Mr Nissen QC stated that it was possible to contract on the basis of a JCT contract without it having been formally executed; the terms of the JCT ICD 2011 envisaged that a contract would be subject to execution in writing by the parties to it but there was nothing in the language of the form which indicated that this had to be done as a condition of a contract being concluded on those terms. There was no evidence that execution of a hard copy was a pre-condition to the replacement contract coming into being. The letter of intent clearly anticipated a formal contract being entered into in due course. Mr Nissen QC also rejected a number of alternative submissions by Penten, including that the facts were akin to a situation where the parties had agreed to proceed "subject to contract".
Deal with the contract at the outset
This case provides another example of the potential dangers that can arise from proceeding with works under a letter of intent. In this case, the letter of intent was a valid contract. While the parties clearly believed that the letter of intent could be used for a good while, its vague wording gave Penten the option of leaving site early and did not specifically deal with how payments would be made or what would happen if there was delay. These and other omissions left the parties exposed to uncertainty – and ultimately the time and money costs of adjudication and court proceedings.
Is your letter of intent a patchwork of provisions?
Many parties use and reuse their letter of intent template without considering adequately or at all whether it is suitable. This approach is a recipe for future disputes. This is what Mr Nissen QC said about Penten's and Spartafield's letter: "[It] is not well drafted. I agree with [Spartafield's counsel] that it is an odd document. It appears to be a patchwork of individually familiar provisions that, in combination, do not always sit easily with one another."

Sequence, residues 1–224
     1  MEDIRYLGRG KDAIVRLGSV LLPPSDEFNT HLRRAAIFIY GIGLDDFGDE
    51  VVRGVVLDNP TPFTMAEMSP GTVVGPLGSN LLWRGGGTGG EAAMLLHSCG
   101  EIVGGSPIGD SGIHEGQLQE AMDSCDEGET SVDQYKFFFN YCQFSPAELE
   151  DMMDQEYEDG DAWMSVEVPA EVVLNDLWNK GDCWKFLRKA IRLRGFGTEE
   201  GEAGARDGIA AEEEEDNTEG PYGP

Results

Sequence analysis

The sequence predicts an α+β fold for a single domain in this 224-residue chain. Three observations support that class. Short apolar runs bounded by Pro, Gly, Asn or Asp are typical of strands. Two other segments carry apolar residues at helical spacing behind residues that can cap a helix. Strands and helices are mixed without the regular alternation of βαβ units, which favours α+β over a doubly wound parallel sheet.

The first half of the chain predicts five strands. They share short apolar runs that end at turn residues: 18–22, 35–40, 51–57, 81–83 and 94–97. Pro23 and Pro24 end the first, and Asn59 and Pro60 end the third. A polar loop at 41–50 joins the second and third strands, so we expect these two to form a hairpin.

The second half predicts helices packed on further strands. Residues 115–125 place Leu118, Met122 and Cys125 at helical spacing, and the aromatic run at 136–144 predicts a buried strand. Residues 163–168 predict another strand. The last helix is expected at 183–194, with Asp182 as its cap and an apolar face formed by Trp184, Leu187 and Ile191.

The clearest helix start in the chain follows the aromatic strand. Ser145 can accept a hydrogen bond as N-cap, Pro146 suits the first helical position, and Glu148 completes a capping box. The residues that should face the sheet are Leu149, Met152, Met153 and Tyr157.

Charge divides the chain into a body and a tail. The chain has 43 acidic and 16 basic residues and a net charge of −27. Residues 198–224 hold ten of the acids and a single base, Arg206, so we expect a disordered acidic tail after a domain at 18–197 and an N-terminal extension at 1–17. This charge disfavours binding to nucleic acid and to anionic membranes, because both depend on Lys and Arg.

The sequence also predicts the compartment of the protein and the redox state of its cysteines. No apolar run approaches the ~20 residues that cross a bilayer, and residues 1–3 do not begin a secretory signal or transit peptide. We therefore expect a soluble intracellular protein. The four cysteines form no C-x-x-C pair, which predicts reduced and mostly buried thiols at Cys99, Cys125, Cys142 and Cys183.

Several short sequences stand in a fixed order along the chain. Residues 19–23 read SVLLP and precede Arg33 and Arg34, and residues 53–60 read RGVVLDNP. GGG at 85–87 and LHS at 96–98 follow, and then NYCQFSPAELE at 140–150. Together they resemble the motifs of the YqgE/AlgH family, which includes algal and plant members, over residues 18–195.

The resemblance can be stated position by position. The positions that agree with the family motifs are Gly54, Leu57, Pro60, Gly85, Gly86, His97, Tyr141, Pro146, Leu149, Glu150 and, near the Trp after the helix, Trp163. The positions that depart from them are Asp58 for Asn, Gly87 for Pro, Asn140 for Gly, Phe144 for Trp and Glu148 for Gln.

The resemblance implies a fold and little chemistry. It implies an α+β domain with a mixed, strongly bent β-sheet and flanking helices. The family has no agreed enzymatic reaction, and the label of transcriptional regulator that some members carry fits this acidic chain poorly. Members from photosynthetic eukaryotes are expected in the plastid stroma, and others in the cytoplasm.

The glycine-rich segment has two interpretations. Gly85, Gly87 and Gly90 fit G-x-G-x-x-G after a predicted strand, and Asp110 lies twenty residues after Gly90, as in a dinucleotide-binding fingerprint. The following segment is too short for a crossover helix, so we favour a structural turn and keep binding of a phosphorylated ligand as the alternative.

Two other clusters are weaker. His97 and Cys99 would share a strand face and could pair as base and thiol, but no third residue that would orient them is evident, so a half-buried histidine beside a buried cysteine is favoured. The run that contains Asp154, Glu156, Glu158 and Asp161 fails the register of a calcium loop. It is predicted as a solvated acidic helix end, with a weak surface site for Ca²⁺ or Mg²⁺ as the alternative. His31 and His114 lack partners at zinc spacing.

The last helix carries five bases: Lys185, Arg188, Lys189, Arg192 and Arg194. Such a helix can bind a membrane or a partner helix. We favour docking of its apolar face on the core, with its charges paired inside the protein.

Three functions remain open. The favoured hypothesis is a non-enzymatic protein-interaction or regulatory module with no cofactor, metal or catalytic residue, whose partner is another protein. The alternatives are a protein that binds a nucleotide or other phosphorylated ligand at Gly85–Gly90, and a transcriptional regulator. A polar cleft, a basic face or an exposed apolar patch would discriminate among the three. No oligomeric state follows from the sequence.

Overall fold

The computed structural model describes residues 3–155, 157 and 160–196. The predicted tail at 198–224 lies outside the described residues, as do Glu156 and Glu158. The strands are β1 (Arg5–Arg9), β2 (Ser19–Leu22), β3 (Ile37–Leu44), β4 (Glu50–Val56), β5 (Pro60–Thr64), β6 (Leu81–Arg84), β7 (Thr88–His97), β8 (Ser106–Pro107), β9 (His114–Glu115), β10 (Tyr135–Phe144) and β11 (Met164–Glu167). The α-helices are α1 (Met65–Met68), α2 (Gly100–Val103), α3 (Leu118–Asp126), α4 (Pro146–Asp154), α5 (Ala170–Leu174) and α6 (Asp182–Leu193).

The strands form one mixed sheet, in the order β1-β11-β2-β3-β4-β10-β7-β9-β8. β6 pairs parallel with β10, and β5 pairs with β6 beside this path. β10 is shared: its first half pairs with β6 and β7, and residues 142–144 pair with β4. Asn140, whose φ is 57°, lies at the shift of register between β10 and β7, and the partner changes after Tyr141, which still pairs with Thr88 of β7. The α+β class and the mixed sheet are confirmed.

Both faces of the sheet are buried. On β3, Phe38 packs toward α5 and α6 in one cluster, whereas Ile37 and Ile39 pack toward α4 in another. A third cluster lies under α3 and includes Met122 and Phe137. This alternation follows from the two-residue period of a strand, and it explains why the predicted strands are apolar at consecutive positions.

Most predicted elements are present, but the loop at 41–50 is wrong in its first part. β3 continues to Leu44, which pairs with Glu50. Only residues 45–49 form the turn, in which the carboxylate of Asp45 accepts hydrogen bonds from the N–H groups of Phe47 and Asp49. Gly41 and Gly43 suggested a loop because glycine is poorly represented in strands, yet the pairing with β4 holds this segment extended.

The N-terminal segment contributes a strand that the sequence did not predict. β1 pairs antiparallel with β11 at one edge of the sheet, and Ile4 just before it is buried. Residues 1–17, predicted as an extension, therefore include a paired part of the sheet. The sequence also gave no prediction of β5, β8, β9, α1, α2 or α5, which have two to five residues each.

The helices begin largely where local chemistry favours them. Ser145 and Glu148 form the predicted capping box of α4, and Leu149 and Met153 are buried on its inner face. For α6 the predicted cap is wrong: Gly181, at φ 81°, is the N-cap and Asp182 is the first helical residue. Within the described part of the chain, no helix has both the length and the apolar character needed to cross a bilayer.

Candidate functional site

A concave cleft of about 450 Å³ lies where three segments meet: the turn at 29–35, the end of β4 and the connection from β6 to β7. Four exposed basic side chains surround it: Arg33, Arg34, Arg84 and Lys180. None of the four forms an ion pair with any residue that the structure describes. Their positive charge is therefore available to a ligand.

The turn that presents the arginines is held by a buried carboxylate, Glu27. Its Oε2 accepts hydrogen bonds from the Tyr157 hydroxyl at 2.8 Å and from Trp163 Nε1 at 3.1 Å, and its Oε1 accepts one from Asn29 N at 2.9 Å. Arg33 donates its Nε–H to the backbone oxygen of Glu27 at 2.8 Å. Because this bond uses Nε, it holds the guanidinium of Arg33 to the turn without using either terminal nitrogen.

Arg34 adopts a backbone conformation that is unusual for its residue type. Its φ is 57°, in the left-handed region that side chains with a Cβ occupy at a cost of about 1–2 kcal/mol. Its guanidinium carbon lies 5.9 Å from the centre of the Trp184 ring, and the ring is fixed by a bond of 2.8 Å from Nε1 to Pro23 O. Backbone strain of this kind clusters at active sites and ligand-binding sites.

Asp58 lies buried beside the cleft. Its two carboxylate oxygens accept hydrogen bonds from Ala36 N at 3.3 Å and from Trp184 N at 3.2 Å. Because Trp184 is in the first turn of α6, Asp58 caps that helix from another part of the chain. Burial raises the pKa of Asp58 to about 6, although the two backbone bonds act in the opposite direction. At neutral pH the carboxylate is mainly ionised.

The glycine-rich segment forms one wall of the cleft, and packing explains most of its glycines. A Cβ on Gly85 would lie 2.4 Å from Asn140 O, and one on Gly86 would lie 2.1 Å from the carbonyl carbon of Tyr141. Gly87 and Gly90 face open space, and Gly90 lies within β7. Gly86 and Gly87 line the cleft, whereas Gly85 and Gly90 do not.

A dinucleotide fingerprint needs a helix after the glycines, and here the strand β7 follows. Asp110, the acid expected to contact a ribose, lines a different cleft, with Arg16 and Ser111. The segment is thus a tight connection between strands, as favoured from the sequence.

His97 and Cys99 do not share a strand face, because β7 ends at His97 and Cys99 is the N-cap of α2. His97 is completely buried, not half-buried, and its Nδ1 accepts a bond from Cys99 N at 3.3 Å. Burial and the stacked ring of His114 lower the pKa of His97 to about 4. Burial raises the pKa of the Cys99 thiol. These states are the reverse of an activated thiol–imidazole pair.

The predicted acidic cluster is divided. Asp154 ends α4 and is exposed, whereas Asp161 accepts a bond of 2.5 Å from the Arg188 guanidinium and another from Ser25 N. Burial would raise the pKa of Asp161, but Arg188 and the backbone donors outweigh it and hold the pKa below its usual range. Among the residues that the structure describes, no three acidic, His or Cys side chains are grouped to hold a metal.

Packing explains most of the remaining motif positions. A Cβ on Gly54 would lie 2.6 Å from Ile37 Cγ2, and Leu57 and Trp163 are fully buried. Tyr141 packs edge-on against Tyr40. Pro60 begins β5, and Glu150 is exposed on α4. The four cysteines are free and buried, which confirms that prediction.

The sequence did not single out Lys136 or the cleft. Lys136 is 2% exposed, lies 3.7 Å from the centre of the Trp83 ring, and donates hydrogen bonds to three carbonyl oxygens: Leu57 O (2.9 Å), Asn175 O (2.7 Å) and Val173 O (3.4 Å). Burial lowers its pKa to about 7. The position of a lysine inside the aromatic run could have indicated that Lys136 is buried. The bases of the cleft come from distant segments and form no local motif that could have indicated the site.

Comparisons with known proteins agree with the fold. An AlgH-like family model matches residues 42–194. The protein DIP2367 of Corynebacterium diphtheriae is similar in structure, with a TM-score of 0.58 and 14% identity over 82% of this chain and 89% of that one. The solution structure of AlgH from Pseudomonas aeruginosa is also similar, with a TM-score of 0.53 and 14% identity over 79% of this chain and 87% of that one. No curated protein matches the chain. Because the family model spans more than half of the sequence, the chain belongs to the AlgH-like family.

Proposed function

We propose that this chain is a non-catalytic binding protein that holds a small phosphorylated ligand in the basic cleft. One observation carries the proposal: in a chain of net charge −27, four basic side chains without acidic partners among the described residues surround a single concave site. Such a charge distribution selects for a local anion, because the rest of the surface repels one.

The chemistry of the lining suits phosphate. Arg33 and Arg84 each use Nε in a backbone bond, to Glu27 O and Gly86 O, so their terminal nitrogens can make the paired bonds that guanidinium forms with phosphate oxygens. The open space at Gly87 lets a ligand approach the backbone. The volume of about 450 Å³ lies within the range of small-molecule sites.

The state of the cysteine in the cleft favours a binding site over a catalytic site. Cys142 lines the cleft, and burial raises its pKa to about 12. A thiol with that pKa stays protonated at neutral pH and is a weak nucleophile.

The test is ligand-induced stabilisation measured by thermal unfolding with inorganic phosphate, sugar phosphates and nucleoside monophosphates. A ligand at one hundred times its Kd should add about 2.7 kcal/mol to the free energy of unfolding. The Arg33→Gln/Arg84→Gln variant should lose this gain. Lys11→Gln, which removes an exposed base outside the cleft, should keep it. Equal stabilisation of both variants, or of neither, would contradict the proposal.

A patchwork approach is not a good contract strategy for significant projects. Get the contract agreed and in place as soon as you can.
Guidance and key points to remember
- Every project is different. Aim to finalise the contract documents before work starts. If that is not possible, it is better to proceed on the basis of a well drafted letter of intent than to start the works on the basis of an oral contract. Carefully draft the letter of intent so that it is appropriate for both the project and the parties.
- An unexecuted formal contract can still become legally binding and supersede the letter of intent if the parties have effectively agreed all the essential terms.
- If you require formal execution of the contract to be a pre-condition to the formal contract coming into existence, say so specifically in the letter of intent.
- If you do agree to work under a letter of intent which contemplates execution of a formal contract, stay vigilant:
- get to know and understand the terms and scope of the letter of intent;
- enter into the formal contract as soon as possible;
- be clear in your communications with the other party on whether you are carrying out the works under the terms of the letter of intent or the formal contract to avoid any later uncertainty.
While working under a letter of intent, monitor the works to ensure they do not exceed the scope of works specified in the letter of intent. If the scope of works changes, renegotiate the terms of the letter of intent.